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Quake-hit N.Z. city unveils plans for low-rise future
by Staff Writers
Wellington (AFP) Aug 11, 2011

The earthquake-devastated New Zealand city of Christchurch announced plans Thursday to rebuild its downtown area as a low-rise precinct dominated by parkland.

Much of the central city remains cordoned off after the 6.3-magnitude earthquake that killed 181 people in February, with the danger of falling debris from damaged buildings making it unsafe for the public to enter.

Christchurch Council unveiled a NZ$2 billion ($1.6 billion) draft plan Thursday to rebuild the shattered city's heart over the next 20 years, including a memorial to earthquake victims.

"It's a safe, sustainable, green, hi-tech, low-rise city in a garden," Christchurch mayor Bob Parker told reporters.

Under the plan, buildings would be restricted to a maximum of seven storeys and constructed to rigorous standards to avoid the carnage seen in February, when collapsed office blocks accounted for most of the quake's fatalities.

"We have to build a safe city technically but it also has to feel safe for our community -- low rise is what people want," Parker said.

The city's 130-year-old Anglican cathedral, which lost its spire in the quake, would be rebuilt as the focus of Christchurch, while some other ruined buildings would be left untouched as reminders of the tragedy.

A memorial area to earthquake victims capable of holding large gatherings is also planned at a site yet to be determined.

"(It will be) a space rather than an object -- a place visitors can enter into and experience an emotional response, rather than simply look at an object," the draft plan said.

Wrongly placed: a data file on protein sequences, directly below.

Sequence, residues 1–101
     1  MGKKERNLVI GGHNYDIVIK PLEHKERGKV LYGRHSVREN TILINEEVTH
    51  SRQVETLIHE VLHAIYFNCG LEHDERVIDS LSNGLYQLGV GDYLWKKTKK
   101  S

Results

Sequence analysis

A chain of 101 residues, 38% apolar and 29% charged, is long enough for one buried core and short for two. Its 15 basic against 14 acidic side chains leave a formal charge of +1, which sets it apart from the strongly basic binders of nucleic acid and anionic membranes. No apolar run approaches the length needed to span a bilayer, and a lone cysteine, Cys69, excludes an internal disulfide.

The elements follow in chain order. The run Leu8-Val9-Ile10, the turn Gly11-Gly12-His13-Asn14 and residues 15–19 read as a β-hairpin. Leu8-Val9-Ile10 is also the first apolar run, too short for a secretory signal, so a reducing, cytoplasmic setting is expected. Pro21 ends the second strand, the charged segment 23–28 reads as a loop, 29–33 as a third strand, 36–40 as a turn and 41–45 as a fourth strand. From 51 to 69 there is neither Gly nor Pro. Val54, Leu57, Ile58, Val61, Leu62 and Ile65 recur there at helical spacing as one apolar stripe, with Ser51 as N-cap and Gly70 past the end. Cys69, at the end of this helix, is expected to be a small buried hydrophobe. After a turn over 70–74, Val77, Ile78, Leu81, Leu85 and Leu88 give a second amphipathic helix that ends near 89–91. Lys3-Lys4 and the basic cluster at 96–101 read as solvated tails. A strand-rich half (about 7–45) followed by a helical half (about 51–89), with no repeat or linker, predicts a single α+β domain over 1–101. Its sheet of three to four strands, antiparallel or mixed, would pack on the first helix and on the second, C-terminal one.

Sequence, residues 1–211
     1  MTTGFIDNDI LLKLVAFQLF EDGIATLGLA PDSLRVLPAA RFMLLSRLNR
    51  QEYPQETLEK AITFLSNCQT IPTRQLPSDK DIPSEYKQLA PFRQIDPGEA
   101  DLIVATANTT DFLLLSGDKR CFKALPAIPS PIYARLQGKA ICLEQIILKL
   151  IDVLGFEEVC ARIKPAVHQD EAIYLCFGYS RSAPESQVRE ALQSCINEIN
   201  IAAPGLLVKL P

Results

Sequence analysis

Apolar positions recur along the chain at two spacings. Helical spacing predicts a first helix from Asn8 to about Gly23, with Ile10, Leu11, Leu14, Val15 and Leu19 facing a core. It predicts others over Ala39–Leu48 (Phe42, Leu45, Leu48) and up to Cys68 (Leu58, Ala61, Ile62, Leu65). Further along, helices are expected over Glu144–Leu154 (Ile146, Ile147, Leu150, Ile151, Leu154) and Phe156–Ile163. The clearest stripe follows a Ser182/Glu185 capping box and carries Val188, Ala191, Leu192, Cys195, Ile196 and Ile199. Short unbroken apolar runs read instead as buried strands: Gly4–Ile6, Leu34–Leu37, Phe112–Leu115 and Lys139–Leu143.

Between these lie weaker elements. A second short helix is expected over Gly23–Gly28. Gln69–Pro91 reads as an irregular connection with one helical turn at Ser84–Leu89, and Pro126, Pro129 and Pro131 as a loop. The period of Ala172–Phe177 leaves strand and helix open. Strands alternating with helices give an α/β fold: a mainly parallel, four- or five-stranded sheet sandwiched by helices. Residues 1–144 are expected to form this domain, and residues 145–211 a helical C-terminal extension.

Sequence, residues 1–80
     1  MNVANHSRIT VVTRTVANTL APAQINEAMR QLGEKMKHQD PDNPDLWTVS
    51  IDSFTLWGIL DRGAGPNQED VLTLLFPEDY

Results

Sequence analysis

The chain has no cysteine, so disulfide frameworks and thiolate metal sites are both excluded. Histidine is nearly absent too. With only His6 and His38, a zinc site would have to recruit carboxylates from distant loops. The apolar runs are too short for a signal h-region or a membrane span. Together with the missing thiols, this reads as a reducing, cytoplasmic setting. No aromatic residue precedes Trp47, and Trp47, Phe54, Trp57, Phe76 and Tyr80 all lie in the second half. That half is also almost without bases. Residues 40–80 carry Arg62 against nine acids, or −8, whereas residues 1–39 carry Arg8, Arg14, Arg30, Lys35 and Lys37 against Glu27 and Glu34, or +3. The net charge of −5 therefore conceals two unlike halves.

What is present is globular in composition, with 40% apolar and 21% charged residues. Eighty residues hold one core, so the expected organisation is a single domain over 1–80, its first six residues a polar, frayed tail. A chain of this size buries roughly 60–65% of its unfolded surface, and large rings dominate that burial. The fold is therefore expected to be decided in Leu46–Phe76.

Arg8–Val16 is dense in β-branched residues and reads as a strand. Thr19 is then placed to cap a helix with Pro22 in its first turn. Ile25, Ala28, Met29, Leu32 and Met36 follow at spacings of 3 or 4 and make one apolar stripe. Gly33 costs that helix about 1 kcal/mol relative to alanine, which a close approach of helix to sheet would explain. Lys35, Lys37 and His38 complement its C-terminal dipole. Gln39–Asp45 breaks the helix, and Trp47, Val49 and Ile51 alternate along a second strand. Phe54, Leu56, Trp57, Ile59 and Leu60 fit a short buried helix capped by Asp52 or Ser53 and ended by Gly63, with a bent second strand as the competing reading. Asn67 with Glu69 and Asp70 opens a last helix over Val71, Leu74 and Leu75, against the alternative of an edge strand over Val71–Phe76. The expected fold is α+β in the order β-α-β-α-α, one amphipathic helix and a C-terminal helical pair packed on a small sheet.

It calls for extensive parkland on the banks of the Avon river that runs through the city and proposes a light rail system linking the downtown area to the suburbs.

There would also be sporting facilities, including an aquatic centre, as well as convention facilities, a library and a redeveloped hospital.

Parker said the council formulated the plan after receiving more than 100,000 suggestions from residents and it would seek public feedback in the coming months.

"It's not the end of the job by any means, it's a really strong starting point," he said.

The city centre was the worst-hit area in the quake but there was also extensive damage in the suburbs and the overall damage bill is estimated at NZ$15 billion.

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Asia's giants highly exposed to natural disasters - survey
Paris (AFP) Aug 10, 2011
The United States and Japan have the highest bills to pay from natural disasters, but Asia's emerging giants - China, India and Indonesia - are proportionately at greater risk from them, a survey said on Thursday. British risk assessors Maplecroft ranked 196 countries according to their economic exposure to earthquakes, tsunamis, volcanoes, landslides, floods, storms and wildfires. Fou ... read more

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